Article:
Parents under pressure and parental burnout are eight times more common today than it was 40 years ago. Is that surprising?
No. While it is true that our grandparents had larger families and went through the war and many other difficulties, their relationship with parenthood was very different from ours today.
In those days, parenting meant keeping your child healthy, providing them with an education, and simply preparing them for life (and in the case of believers, preventing them from committing a mortal sin).
Even though mothers tended to stay at home, the typical parent spent less ‘quality time’ with his or her children. Children spent a lot of time outside and could be left unsupervised for hours on end without anyone objecting! This was normal. And children learned about life and its dangers, with the older children keeping an eye on the younger ones.
Today, things are very different. Sociologist Margaret Nelson says that by today’s standards, the overwhelming majority of parents from 50 years ago would be described as negligent! And yet, children did not develop any worse back then than they do now.
Parents are different today
Attitudes have changed. As a result of numerous historical and sociological upheavals that we will not discuss here, today’s parents are focused on preventing risk and optimizing development. We have entered the era of intensive parenting: child-centered parenting that demands time and energy. This style of parenting* puts a new kind of pressure on parents… and on their children.
Parents are encouraged to follow the advice of the state and of experts. Every day new recommendations seem to appear concerning different facets of development: food, sleep, toys, activities, how to correct ’problematic’ behavior, what emotions to show or not to show your children… No aspect of parenting goes without comment, and more and more aspects are regulated by conventions, expert committees, or laws. At the same time, there have never been so many poster campaigns about parenting as there are today (no screens before the age of three, no video games before the age of six, etc.). Parents used to be in charge of their child’s upbringing, but that is definitely no longer the case.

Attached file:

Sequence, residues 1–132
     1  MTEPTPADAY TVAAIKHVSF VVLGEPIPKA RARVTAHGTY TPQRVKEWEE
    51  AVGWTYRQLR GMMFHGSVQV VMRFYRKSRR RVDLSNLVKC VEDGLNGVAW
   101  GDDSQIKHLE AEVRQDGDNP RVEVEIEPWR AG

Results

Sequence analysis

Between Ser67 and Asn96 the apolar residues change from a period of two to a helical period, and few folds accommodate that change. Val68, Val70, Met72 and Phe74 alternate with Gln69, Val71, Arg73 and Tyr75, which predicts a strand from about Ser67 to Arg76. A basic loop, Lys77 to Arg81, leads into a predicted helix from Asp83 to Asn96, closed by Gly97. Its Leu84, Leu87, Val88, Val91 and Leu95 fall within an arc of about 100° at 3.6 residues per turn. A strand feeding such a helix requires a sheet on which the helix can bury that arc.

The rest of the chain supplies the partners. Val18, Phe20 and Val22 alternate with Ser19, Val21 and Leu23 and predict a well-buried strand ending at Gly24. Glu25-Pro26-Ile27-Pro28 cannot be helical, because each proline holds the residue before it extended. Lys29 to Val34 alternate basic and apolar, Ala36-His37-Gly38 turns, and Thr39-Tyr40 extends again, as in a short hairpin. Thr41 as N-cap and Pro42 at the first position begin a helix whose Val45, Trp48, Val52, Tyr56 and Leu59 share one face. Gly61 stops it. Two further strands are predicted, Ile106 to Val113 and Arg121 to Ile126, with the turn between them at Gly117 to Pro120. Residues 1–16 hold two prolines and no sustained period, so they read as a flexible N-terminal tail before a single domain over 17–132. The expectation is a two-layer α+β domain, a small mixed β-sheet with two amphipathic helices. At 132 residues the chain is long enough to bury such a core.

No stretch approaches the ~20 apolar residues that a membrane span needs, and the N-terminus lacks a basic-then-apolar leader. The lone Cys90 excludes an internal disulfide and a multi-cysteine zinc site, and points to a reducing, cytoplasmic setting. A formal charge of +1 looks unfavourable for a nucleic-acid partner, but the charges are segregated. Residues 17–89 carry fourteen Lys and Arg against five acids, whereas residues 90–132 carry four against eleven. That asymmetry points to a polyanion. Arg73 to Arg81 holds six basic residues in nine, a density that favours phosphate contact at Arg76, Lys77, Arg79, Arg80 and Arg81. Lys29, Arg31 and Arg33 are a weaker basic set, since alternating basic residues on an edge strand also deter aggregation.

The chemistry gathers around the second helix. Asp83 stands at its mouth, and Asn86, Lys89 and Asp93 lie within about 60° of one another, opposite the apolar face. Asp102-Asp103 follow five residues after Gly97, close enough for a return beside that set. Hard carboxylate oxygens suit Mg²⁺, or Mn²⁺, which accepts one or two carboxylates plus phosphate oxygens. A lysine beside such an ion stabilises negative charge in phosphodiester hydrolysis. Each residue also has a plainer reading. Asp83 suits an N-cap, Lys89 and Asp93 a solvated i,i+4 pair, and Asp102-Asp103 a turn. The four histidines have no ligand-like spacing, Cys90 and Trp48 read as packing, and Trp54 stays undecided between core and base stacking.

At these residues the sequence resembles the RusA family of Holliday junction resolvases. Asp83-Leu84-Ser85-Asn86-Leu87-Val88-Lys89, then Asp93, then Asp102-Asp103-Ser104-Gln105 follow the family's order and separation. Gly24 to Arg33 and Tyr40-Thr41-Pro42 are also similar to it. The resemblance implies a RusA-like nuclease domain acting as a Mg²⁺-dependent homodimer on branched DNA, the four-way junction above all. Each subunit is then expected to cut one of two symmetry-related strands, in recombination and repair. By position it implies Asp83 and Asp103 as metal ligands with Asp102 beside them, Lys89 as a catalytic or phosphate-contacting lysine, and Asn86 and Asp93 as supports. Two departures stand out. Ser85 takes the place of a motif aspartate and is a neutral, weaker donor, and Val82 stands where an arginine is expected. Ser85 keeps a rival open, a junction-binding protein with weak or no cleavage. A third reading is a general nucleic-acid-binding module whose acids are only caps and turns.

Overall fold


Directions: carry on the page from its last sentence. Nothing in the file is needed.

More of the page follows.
What are the results?
Of course, there have been positive developments and benefits. But many negative consequences can be identified for both parents and children (see our article ‘The worship of the children‘). These include increased levels of stress and possible parental burnout. More and more parents feel this pressure.
Many parents feel lost, and with good reason, because the advice keeps on changing: first scientists recommended putting babies to sleep on their stomach, then on their back, and then on their side. Experts recommended being very strict – and then recommended being very lax. There is no shortage of examples of these contradictions: they can be found in almost every area of child development. As well as causing confusion, they fuel conflict between generations, with grandparents looking on in dismay as their adult children pursue parenting practices that are the opposite of what they themselves were advised to do a generation earlier.
Overwhelmed by regulations and recommendations, parents no longer know which way to turn. Under constant pressure, they can end up exhausted and lose confidence in themselves.
Should we go back to ’the good old days’? Certainly not! But wouldn’t it be wise to try and find a healthy happy medium, and perhaps return to the idea of parents who may not be perfect, but are ’good enough’? We firmly believe so.
*Before the 1960s, the term ‘parenting’ did not even exist!
 For example, the Convention on the Rights of the Child (1989).
 Committee for European Social Cohesion, Daly (2007).
 For example, the law banning smacking in most European countries.